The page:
The Washington Times is, as we all know, owned by Rev. Moon (whose ties to the Bush family are reasonably well-known) and is unashamedly right-wing.
The Washington Post, once a fairly liberal publication, is now no better than middle of the road (even with the inestimable E. J. Dionne Jr. in the Op-Ed section).
Ditto for the NYTimes although they do employ Maureen Dowd, a notable and noted liberal. Paul Krugman, a highly respected columnist claims to be liberal and I don't hold it against him (really) that he likes nothing better than bashing liberals.
Although I'm willing to concede that on most matters both organs stand left of center, their wholehearted backing of a war we were lied and bullied into starting makes them, in my eyes, suspect, and in any case I don't consider "left of center" to be particularly biased when compared to something like the OpinionJournal.
The closest thing to a "columnist" that CNN has is the outrageously right-wing Wolf Blitzer.
Liberal media? If you take a detailed look at the coverage of the 2000 presidential campaign, a real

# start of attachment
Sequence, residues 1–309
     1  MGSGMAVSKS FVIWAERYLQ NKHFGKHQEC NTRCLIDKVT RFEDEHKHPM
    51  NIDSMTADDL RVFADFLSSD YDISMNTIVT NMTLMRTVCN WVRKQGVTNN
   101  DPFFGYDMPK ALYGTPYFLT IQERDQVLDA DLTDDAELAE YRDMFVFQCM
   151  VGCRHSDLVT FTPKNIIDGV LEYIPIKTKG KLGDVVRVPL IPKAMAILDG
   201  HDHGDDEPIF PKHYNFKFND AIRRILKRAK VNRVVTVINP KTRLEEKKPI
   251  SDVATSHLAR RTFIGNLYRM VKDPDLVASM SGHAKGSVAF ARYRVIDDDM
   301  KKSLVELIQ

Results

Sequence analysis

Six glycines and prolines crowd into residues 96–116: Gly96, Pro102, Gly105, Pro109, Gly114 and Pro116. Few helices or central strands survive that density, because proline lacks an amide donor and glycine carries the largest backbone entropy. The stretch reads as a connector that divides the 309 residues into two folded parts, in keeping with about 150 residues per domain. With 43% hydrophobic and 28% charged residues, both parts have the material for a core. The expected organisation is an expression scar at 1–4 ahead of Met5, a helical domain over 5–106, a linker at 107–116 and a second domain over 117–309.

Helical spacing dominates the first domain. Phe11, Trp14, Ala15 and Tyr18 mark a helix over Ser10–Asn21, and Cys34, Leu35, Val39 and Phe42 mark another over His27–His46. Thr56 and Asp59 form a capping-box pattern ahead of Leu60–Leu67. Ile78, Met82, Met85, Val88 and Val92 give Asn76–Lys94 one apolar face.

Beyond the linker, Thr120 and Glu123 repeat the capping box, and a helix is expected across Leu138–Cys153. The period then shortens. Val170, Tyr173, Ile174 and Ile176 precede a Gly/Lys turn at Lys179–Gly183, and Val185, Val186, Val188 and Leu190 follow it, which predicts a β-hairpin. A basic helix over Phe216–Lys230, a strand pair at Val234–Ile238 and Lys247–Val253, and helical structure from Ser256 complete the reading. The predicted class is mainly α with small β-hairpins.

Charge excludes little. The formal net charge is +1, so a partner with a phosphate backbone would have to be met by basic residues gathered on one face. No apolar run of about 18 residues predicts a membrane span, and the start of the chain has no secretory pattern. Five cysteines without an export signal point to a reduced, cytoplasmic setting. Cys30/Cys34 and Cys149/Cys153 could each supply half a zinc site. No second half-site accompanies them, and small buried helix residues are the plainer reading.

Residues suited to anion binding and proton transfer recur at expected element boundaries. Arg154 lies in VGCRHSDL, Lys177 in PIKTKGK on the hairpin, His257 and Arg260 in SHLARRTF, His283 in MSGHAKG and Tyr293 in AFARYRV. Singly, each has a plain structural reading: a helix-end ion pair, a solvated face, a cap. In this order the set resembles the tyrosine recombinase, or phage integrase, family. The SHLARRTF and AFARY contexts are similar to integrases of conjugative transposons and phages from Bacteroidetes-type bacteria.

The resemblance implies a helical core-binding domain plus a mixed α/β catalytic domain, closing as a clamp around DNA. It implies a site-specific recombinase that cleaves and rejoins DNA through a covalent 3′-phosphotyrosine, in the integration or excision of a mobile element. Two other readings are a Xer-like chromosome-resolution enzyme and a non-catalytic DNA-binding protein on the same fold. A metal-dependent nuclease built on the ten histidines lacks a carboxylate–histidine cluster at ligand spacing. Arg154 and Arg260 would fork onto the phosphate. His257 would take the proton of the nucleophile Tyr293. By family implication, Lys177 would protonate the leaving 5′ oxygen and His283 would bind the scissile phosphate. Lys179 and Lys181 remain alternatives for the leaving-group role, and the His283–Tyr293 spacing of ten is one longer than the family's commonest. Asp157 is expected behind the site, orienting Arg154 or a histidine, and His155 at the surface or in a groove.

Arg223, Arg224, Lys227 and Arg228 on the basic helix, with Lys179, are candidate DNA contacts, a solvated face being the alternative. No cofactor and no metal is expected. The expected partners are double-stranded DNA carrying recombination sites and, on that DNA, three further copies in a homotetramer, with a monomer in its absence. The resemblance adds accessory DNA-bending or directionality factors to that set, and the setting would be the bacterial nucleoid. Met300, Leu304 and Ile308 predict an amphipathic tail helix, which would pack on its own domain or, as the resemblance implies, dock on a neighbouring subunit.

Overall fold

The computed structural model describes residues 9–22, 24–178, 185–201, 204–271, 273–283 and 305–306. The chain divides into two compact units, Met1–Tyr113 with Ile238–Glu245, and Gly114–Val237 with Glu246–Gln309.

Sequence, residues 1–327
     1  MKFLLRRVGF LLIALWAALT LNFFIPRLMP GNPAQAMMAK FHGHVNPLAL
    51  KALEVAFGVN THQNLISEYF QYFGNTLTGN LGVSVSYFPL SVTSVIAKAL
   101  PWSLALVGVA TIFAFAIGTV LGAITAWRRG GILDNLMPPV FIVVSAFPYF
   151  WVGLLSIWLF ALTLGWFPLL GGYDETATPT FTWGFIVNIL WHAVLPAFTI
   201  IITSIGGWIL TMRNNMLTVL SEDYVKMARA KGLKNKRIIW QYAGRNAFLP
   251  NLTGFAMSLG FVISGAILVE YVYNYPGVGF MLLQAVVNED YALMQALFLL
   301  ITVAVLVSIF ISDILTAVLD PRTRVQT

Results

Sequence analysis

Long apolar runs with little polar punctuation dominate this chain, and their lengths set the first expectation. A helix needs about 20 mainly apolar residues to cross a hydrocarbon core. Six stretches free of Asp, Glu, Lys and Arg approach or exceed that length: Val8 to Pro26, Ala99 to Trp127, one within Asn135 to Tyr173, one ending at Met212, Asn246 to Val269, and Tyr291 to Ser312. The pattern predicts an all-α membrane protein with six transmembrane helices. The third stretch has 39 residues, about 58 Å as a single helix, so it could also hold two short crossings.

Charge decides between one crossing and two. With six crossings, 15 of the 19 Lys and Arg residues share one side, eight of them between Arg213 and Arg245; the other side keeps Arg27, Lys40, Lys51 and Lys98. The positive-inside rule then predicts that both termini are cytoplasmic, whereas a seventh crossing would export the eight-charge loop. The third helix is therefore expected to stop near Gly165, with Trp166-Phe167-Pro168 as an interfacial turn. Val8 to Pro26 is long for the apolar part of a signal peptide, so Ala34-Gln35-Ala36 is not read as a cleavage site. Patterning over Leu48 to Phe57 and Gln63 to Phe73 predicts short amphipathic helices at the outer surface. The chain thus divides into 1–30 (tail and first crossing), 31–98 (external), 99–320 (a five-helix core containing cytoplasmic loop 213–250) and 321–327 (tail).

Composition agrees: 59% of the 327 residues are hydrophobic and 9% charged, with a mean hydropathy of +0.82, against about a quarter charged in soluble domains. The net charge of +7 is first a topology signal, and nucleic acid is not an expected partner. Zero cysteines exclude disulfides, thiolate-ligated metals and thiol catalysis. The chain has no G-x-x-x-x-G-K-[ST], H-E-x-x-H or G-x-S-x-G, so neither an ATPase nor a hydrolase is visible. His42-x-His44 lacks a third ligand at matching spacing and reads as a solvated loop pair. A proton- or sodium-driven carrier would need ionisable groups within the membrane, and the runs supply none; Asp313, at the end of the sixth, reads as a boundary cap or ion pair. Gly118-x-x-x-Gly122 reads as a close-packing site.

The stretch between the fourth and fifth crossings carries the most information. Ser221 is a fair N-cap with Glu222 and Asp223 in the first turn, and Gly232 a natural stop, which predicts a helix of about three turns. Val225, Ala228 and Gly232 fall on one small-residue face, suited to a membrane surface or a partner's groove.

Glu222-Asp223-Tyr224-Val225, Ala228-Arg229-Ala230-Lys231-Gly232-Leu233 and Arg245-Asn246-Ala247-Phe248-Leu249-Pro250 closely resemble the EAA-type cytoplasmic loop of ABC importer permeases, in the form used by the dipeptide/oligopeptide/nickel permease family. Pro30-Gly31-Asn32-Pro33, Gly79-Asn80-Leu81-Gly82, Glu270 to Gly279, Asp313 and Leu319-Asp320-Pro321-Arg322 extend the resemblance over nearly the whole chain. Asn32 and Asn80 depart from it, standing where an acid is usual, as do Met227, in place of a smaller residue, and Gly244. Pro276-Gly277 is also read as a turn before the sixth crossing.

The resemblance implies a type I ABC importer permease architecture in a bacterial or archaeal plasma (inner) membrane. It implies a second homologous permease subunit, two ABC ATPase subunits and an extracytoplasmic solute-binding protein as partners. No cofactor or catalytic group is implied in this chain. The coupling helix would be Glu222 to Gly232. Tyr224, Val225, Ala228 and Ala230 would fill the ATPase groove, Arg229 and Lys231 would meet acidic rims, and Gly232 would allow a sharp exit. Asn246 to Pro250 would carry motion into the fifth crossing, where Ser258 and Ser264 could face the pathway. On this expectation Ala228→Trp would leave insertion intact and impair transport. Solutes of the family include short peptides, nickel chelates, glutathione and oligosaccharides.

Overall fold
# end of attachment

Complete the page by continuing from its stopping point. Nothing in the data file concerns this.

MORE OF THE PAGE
look, you'll find something odd. Allegation after allegation of dishonesty, lying, shiftiness, and deceit is thrown at Gore. In the end, each of these allegations turns out to be smoke and mirrors. They accuse him of changing his position when he doesn't. He's misquoted constantly. The press fixates on his wardrobe and mocks his color choices instead of covering issues. And, in the end, none of the accusations they throw at him is proven. Many simply disappear in journalistic embarassment, but most are supersceded by ever-more outrageous articles, few of which ever cover what he's actually saying to voters as he travels around the country. (In spite of this almost universal bias in coverage, I'm proud of the USofA that Gore got the most votes anyhow. Goes to show that not everyone takes the media at its own valuation. It also goes to show that "four more years" of Clinton's kind of economy and foreign policy were more acceptable to more voters than four years of whatever it was Bush seemed to be offering.)
You will find no, no
coverage of Bush of that nature. None of his shady business dealings before he became Governor of Texas. Nothing about his policies or actions while in office, or the disastrous results of the same. Nothing.
#2 - I am among those who considered (and still consider) Reagan's so-called economics to be "voodoo economics." The absurdity of pretending that giving more money to corporations and rich people enriches the lower classes gives me cognitive dissonance.